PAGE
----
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Fighter Aircraft of the LFT | Aces of Austria-Hungary

Emperor Franz Josef
1830 - 1916
Personnel of KuK Flik 61j
March, 1918
Emperor Karl I (IV)
1887 - 1922
The Austro-Hungarian Empire was the last bastion of the Hapsburgs. It was a polyglot empire composed of multiple ethnic and social classes overseen by a cumbersome and conservative bureaucracy. The seemingly ancient Emperor, Franz Josef, had been on the throne since 1848. He had lost territory and prestige to Bismark's German empire, a newly unified Italy and to the ever troublesome Magyars of his own Hungarian domains. Nevertheless, he was well loved by most of his people and showed an amazing sense of tolerance for diversity. Franz Josef is one of the truly tragic figures of the 20th century. His brother, Maximilian was executed after failing in a French backed bid to build an empire in Mexico. His beloved wife Elizabeth was stabbed to death by an anarchist in 1898. His son and heir, Crown Prince Rudolf, died in a murder/suicide ending of a doomed romantic affair. His next heir, the detested Archduke Franz Ferdinand was assassinated by a Serbian nationalist setting off a chain of events that would explode into World War One and the dismantling of the Hapsburg, Hohenzollern and Ottoman empires. Franz Josef himself died of natural causes in the midst of the conflict, his nation locked in a bitter life or death struggle.

The Austro-Hungarian Empire struggled against Russia, Serbia, Rumania, Albania, Montenegro and Italy. Luckily, only the Russians and Italians (with allied help) challenged the Austrians in the air. The Austrian air service had begun in 1893 as a balloon corps. Indeed, the balloon was the badge of the Austro-Hungarian Air Service though out the war. In 1912 this corps was re-organized and renamed: der kaiserliche und konigliche Luftfahrtruppen (the Imperial and Royal Aviation Troops), abbreviated as k.u.k. LFT. The Austrians started WWI with a dirigible, 10 observation balloons, 39 aircraft and 85 pilots. The output of the Empire was constrained by lack of industrial strength. This constraint can be demonstrated by production numbers: During the war Austria produced approximately 5000 airframes and 4000 engines. Italy alone produced more than 4 times this number in the three years it was involved in the conflict. Despite the difficulties of the multi-ethnic, multi-language, bureaucratic Empire, its pilots flew and fought with amazing tenacity.

The army air organization was surprisingly streamlined, if not terribly efficient. A front-line combat group was known as a Fliegerkompagnie (Flik) with seven or eight pilots (though on paper it should have as many as 20). By late 1918 there were 82 Fliks. The Fliks were supplied with men by the Fliegeretappenpark (Flep). Material was supplied by the Fliegerersatzkompagnie (Flek). Finally, in 1917 the Fliks were designated by their roles. This role can be determined by the letter appended to the Flik's identification number. These included the Jagdfliegerkampagnie (j, fighter squadron), Photoaufklarerkompagnie (p, photo reconnaissance squadron), Divisionsfliegerkompagnie (d, short-range reconnaissance squadron), Fernaufklarerkompagnie (f, long range reconnaissance squadron), Grossflugzeugkompagnie (g, bomber squadron), Schlachtfliegerkompagnie (s, ground attack squadron), Korpsfliegerkompagnies (k, another short range reconnaissance squadron), and finally, Reihenbildaufklarerkompagnie (Rb, a photo recon unit specializing in serial photography). So, in summary there were Fleks, Fleps and eight different types of Fliks.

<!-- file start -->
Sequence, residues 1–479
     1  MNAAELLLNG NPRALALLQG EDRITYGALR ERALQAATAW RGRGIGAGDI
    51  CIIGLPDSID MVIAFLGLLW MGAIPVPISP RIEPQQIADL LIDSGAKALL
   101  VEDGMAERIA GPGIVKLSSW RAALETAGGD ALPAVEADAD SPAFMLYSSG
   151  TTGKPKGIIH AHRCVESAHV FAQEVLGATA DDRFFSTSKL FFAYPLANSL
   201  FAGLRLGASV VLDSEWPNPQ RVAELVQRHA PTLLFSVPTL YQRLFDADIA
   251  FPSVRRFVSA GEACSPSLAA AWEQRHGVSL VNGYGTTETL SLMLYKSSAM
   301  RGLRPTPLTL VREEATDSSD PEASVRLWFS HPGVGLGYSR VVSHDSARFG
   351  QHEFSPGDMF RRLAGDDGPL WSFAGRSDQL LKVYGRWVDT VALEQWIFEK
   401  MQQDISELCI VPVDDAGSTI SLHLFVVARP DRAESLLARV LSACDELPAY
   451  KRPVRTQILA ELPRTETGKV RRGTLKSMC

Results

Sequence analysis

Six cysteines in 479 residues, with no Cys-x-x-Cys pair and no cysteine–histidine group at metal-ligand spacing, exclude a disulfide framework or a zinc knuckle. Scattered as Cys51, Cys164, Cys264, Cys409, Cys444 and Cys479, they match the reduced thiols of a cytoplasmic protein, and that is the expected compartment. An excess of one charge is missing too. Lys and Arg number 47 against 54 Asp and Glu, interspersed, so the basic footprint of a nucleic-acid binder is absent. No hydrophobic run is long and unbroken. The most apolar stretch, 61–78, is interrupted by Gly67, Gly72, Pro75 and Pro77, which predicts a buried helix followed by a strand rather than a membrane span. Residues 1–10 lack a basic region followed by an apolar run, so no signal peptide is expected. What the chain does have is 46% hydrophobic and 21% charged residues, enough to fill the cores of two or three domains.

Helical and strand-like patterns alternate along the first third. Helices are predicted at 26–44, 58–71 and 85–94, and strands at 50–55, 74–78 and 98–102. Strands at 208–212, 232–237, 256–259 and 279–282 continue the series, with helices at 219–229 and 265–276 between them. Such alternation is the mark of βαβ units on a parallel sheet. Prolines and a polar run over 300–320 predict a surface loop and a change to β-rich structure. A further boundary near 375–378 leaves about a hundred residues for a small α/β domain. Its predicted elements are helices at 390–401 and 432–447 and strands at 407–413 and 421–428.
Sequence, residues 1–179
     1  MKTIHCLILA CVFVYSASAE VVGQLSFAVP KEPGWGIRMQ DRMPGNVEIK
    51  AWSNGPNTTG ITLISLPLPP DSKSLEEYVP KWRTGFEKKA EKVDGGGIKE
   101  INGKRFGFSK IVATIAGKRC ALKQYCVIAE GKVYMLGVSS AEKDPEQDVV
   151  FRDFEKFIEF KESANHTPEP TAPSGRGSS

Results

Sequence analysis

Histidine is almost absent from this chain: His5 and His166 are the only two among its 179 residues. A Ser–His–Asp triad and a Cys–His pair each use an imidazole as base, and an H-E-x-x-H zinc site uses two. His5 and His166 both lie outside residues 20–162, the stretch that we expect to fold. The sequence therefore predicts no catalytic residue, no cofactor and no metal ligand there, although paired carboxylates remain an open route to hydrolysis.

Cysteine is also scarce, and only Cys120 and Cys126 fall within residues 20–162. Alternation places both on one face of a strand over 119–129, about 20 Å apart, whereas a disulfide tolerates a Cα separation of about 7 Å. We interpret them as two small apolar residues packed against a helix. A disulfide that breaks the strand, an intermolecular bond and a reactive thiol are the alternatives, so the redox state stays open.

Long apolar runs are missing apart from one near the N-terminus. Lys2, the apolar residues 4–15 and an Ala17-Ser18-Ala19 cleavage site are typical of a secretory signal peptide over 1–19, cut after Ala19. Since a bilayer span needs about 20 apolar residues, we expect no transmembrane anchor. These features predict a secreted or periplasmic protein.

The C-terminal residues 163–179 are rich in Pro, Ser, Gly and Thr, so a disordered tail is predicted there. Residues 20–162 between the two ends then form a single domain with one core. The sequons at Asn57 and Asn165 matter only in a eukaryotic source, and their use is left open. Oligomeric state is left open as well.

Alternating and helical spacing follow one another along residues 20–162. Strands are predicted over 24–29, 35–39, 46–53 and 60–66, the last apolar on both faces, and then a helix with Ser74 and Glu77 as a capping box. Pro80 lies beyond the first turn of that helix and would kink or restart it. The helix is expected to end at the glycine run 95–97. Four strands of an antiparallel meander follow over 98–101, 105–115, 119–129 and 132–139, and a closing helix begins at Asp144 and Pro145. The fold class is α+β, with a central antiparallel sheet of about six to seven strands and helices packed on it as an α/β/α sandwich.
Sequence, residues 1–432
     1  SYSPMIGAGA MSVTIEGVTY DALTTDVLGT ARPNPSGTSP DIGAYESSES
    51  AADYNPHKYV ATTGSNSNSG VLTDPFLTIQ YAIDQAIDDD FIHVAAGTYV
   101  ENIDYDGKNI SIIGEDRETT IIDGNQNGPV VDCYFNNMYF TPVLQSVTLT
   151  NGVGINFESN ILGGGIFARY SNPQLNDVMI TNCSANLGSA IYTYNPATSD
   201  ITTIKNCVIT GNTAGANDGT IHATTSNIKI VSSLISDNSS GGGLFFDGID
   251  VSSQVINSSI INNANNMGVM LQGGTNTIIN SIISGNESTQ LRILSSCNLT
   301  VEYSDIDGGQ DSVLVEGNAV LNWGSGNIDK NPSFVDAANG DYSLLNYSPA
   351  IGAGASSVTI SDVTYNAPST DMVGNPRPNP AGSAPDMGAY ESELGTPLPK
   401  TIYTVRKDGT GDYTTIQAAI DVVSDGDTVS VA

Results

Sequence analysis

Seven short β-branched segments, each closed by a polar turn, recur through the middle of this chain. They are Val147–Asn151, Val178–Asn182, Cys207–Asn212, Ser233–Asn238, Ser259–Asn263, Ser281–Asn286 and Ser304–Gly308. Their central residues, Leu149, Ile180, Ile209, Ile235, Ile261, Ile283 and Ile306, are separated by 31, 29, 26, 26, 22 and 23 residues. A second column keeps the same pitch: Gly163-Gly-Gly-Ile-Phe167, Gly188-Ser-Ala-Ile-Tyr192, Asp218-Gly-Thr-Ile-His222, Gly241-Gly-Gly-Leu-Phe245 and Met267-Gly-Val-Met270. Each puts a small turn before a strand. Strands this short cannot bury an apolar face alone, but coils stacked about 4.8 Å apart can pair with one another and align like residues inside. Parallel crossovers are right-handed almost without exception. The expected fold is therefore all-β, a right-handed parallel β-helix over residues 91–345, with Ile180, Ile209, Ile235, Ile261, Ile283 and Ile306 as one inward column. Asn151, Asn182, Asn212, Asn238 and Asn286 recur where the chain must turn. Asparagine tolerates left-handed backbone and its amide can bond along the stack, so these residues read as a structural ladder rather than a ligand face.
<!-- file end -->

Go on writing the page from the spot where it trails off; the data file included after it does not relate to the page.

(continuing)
The top guns of the k.u.k. army air service always seemed to find themselves in Flik41j. This squad was the first dedicated fighter squad organized in the service and was put under the command of Austria's leading ace, Godwin Brumowski. Brumowski was a friend of, indeed an admirer of, Germany's von Richtofen. He even imitated the Aces of Ace's all red paint scheme on his Alb.D.III. differing only in having a shrouded skull painted on the sides and top decking of the fuselage. Other aces who called 41j home included Linke-Crawford, Gräser, Kaszala, and Gruber. It would seem that visiting and even transferring between units was frequent. Occasionally the ace would take their favorite plane with them. Most of the aces were commissioned officers of the upper strata of society. As in civilian life in the Empire, social standing was strictly delimited and rarely breached even though there were a few NCO aces.

The economic stresses of war brought the Dual Monarchies' ethnic conflicts boiling to the surface in 1918. The young, practical Emperor Karl I clandestinely put out peace feelers to France. France made the communiqué public in an attempt to split the Austro-German alliance. An added result was that non-German ethnic groups in the Empire lost patience with the predominately German bureaucracy. Civil disruptions sundered the empire with ethnic groups declaring independence from the Hapsburgs and the Empire. In a last ditch attempt at reform, Karl renounced power (but not the throne) and supported formation of a republic in Austria. He was eventually driven from his former domains and passed away in Portugal in 1922, still refusing to give up his claims of Austro-Hungarian sovereignty.

Fighter Aircraft of the LFT | Aces of Austria-Hungary